Ya Muqtadir, all power and might belong to You, and nothing is impossible for You. Make a way for me where there seems to be no way.
16. As-Sitteer (The Concealer of Sins)
When someone compliments you, and you feel immense gratitude for the way they see you, give utmost thanks and praise to As-Sitteer
And say: Allahuma-astur ‘awrati, wa amin raw’ati (O Allah, conceal my faults and calm my fears)
17. Al-Mu’min (The Giver of Security)
When you’re feeling overburdened with the stresses of this world, call on Al-Mu’min:
Ya Mumin, grant us the best outcome in all of our affairs, and protect us from the humiliation of this world and the punishment of the hereafter.
18. Al-Wajid (The Finder)
When you’re struggling with the next step to take, call on Al-Wajid:
Ya Wajid, You found Your beloved ﷺ lost and guided him. Direct my affairs and take me beyond where I think I need to be.
19. Al-Hayy (The Ever Living)
When you’re feeling hopeless or defeated, call on Al-Hayy
And recite ayatul kurisiyu (Qur’an 2:255) after each salah today
20. As-Sami (The All-Hearing)
When you feel like your worries and complaints are going unheard, call upon As-Sami:
Ya Sami, take care of my worries and grant me ease in my affairs. Indeed, You hear all prayers.
21. Al-Hadi (The Guide)
When your heart wavers due to doubt, call upon Al-Hadi
Say: Allāhumma-ghfir lī, war-ḥamnī, wa ʿāfinī, wah-dinī war-zuqnī (O Allah, forgive me, have mercy on me, grant me wellbeing, guide me and grant me sustenance.)
22. Al-Qareeb (The Ever Near)
When you need motivation to keep choosing what’s right, call upon Al-Qareeb:
Ya Qareeb ib-ni lī ʿindaka baytan fi-l-Jannah (O The Ever Near, build for me, near You, a house in Paradise)
23. Al-Wahid (The One)
When you desires and wants keep taking precedence over what Allah wants, call upon Al-Wahid:
Ya Wahid, I seek Your protection from knowingly associating partners with You and seek Your forgiveness for unknowingly doing so.
24. Al-Qadir (The Most Able)
When you’re worried about the outcome of an event, activity or work, call upon Al-Qadir:
Ya Qadir, all power and might belongs to you. Grant me ease in my affairs and success in my endeavours.
25. Ar-Razzaq (The Provider)
When you’re struggling to make ends meet, call on Ar-Razzaq:
Allāhumma innī as’aluka ʿilma-n-nāfiʿā, wa rizqan ṭayyibā, wa ʿamala-m-mutaqabbalā (O Allah, I ask You for beneficial knowledge, wholesome sustenance, and deeds which are accepted.)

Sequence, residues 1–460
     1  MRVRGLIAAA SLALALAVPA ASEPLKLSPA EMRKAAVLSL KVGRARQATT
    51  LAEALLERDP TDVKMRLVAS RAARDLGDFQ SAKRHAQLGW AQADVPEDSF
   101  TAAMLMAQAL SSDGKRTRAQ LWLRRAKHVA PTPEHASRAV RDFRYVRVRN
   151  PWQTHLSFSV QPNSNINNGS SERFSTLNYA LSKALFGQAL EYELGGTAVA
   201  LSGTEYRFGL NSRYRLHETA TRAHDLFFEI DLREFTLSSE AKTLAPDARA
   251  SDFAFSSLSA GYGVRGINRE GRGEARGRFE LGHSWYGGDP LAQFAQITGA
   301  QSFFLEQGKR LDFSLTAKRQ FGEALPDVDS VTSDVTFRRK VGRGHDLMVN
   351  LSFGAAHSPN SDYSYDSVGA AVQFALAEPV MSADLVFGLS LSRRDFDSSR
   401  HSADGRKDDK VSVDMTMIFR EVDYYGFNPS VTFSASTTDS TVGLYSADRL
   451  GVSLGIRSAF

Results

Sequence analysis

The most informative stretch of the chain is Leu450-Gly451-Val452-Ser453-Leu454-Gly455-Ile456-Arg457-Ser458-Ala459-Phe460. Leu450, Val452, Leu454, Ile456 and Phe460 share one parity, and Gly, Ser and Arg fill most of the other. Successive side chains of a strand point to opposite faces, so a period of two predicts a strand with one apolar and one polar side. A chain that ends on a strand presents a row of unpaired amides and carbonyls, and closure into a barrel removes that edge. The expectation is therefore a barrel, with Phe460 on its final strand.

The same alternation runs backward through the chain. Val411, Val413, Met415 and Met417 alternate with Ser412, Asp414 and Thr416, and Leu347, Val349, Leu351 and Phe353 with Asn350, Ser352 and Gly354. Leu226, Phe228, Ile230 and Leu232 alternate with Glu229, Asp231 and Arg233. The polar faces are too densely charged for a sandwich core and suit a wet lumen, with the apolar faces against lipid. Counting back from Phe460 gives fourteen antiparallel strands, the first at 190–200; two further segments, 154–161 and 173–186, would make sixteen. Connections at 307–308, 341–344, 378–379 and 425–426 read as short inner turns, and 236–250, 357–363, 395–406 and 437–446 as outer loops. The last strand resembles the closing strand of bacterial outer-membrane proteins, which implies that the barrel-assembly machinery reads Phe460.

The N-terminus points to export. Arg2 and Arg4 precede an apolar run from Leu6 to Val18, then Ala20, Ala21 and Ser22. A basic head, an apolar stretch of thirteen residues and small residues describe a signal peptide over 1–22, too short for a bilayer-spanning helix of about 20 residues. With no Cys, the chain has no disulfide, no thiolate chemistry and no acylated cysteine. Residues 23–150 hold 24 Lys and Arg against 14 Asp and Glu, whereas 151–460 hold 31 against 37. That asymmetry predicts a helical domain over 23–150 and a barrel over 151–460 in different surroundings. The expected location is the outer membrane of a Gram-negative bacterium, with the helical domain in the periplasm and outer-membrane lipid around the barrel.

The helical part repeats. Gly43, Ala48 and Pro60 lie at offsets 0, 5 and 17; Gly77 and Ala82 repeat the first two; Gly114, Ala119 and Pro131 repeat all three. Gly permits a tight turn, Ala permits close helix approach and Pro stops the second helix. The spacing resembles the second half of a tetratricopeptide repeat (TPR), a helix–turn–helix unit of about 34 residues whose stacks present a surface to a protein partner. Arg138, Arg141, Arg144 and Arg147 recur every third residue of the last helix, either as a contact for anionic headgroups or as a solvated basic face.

26. As-Sabur (The Most Patient and Enduring)
When you feel frustrated about life, call upon As-Sabur:
Ya Sabur afrigh ‘alayna sabran wa tawaffana Muslimeen (O The Most Patient, pour upon us patience and let us die as Muslims [in submission to You].) [7:126]
27. Al-Ghani (The Self-Sufficient)
When you’re struggling with financial anxiety, worries or debt, call upon Al-Ghani:
Allāhumma innī as’aluka-l-hudā wa-t-tuqā wa-l-ʿafāfa wa-l-ghinā (O Allah, I beg You for guidance, taqwā (piety), chastity and self-sufficiency)
28. Al-Mannan (The Bestower)
When you find yourself constrained by time and ability, call on Al-Mannan:
O Allah, I ask you as all praise is Yours. There is no god but You, You are al-Mannan, Originator of the Heavens and Earth, Possessor of Majesty and Honor. O Ever-Living, Self-Subsisting.
29. Ar-Raheem (The Especially Merciful)
When you’re struggling with dropping a bad habit or a sin, seek help from Ar-Raheem:
Our Lord, we have believed, so forgive us and have mercy on us: You are the Best of those who are merciful [23:109]
30. Al-Jawaad (The Most Generous)
When you’re struggling to articulate your needs, call on Al-Jawaad:
Ya Jawaad innī limā anzalta illayya min khayrin faqīr. (O The Most Generous, truly I am in dire need of any good which You may send me.) [28:24]
To see more visit our Twitter thread:
Allah’s 99 names and how to use them in duas 👇🏽
— A M A L I A H (@Amaliah_Tweets) April 2, 2022
Suad Kamardeen is a British-Nigerian Muslim writer, editor, engineering graduate and a Creative Writing Masters student at the University of Oxford. She is also a founding editor at WAYF journal. She is committed to documenting histories and cultures, as well as impacting people’s lives positively through storytelling. Her young adult novel, Never Enough, won the SI Leeds Literary Prize 2022, and her adult novel was shortlisted for the Stylist Prize for Feminist Fiction 2021. Her writing has also appeared in Bad Form Review and Sapelo Square. You can find her on Twitter/IG: @suadkamardeen